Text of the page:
March 21, 2003 -- They are educated. They aren't required to veil themselves. They can work. But these four women from Iraq say they were missing two crucial things in their homeland — freedom and dignity.
The four women — Maha Hussain, Zainab al-Suwaij, Katrin Michael and Roz Rasool — told ABCNEWS' Barbara Walters stories that could be punishable by death in Saddam Hussein's Iraq. Even Iraqis in the United States are terrified to speak frankly about Saddam's regime, largely because they are terrified of reprisals against family members.
The women are speaking out because they feel they are speaking for the voiceless people living under Saddam's regime.
"We know how it looks like inside Iraq," al-Suwaij said on 20/20. "We saw the torture. We saw our relatives and our friends disappearing day after day."
Human rights groups estimate that at least 290,000 Iraqis have disappeared since Saddam took power 34 years ago. Hussain was just a schoolgirl in Baghdad when the reality of life under Saddam hit home. She recalls riding on a school bus at age 13 and seeing a crowd gathered in the center of the capital, around bodies of men hanging from poles. "I remember the blue faces, the long necks," she said.
Saddam's reign of terror extended far beyond public executions. He established a strategy of brutalizing women in order to control their men. Although the stories these women tell are horrific and difficult to substantiate, they are consistent with a pattern of cruelty toward women documented by various human rights groups.
Routine Rapes, Human Meat Grinders, Chemical Baths
Al-Suwaij knows firsthand how even young girls were imprisoned for what seem to be trivial offenses. Al-Suwaij says she had a 16-year-old cousin who was beaten and tortured with electrical shocks for having written something against the government in her school notebook.
And if a man is a dissident or if a man writes a letter or makes a joke about Saddam, these women said, authorities would rape his wife or female relatives in front of him.
"Rape is used as a tool to humiliate the woman, but to also bring men into submission," Hussain said. To compound the humiliation, authorities would videotape the torture and rape and send the tape to family members.
Saddam's contempt for human rights extended to his well-documented use of poison gas against his own people. The horror of one of those chemical attacks still haunts Michael 16 years later.
"Children, women, men … vomiting, screaming, crying with swollen eyes. Everybody was … screaming, 'We are blind. We cannot see,' " Michael said. She said she still has difficulty breathing, because of her exposure to the gas.
Al-Suwaij has seen the inside of an Iraqi prison, and she describes horrific scenes. She said she was shown "human meat grinders" in which people were shredded and disposed of in a septic tank, and chemical baths in which people were literally dissolved.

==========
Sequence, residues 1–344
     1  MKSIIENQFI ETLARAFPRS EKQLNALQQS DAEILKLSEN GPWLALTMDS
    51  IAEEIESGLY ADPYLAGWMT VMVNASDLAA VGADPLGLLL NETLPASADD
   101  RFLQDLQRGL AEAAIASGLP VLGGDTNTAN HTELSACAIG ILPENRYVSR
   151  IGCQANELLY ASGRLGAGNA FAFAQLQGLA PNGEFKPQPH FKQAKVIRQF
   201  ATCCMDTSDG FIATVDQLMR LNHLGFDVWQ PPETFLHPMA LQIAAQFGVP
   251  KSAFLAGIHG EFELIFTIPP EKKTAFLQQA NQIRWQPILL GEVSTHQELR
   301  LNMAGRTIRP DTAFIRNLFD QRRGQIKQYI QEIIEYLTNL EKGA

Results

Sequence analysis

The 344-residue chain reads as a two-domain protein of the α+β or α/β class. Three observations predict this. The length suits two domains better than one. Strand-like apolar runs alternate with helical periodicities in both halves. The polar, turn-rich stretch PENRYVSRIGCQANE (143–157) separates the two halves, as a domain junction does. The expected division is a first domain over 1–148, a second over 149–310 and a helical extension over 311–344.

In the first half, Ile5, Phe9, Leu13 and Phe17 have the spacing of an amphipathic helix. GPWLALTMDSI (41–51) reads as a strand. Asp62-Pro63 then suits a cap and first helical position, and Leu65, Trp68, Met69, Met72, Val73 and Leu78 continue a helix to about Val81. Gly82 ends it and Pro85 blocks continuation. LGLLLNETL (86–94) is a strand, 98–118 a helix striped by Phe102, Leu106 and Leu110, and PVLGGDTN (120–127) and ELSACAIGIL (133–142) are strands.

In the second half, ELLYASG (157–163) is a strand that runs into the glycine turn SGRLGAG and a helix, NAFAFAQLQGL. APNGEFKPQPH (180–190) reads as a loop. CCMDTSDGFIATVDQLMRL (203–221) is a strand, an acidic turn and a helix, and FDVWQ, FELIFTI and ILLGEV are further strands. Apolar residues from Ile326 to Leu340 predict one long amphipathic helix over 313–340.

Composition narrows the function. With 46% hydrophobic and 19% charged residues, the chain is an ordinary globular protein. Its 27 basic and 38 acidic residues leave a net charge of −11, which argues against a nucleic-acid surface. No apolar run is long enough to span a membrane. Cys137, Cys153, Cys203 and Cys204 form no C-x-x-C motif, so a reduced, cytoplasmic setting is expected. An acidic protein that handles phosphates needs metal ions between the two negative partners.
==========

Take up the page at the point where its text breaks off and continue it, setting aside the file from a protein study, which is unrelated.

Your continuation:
"You cannot exaggerate about these things. People were slaughtered," she said.
All four women met earlier this month with members of the Bush administration.
They raised the issues they feel need to be addressed in Iraq. They say there needs to be a clear commitment to democracy in Iraq, and that the United States and its allies will need to chaperon the transition.
Protesters Missing the Point
The anti-war demonstrations happening all over the world are disturbing for these women. Rasool believes the protesters are missing the point.
"Knowing what we've been through, knowing what the people in Iraq are going through up to now, and then when we see protesters, that they don't know the reality of the people who are suffering right now," she said. "They don't know about torture, they don't know about rape."
Although these women support U.S. military action, they say they felt betrayed after the 1991 Gulf War when they heeded then-President George H.W. Bush's call to arms. The elder Bush said Iraqis must rise up on their own and force Saddam to step aside. So these women joined with many other Iraqis who risked their lives because they thought that the Americans were going to back them up.
"That was the first time I saw Iraq liberated. I saw the joy and the happiness of the people," al-Suwaij said.
But the uprising was short-lived. The allied army went home, clearing the way for Saddam to regain control. It is estimated that 30,000 Iraqis perished in the ensuing bloodbath.
"After the failed uprising I was hiding for two months until I left Iraq," said al-Suwaij.
These women are saddened that America and its allies backed off and let Saddam continue his brutal reign after the 1991 war. They ask, Where was the United Nations then? Where were all these human rights activists?
Where are they today? the women ask. Just two weeks ago, a Kurdish mother of eight was splashed with gasoline and set ablaze by military police for no reason, she told Kurdish television.
"We're asking the, the whole world, to see our suffering inside Iraq. We ask them to participate in our freedom and liberty," Rasool said. "Iraqi people suffered enough during 35 years, and they deserve freedom."
As U.S. and British troops advance toward Baghdad, these women say their friends and loved ones will welcome the coalition troops with open arms.
No one can be certain yet what the future of Iraq will be. But for now these women share a message of gratitude.
"I want on behalf of everybody from all my heart and my family and everyone here … [to] thank the American people, thank our brave men and women in the military for the sacrifices they are doing," Hussain said. "But I want them to know they are doing it for the right cause."
To read the personal stories of Iraqis advocating for democracy and human rights in Iraq, visit the following Web site: http://www.womenforiraq.org/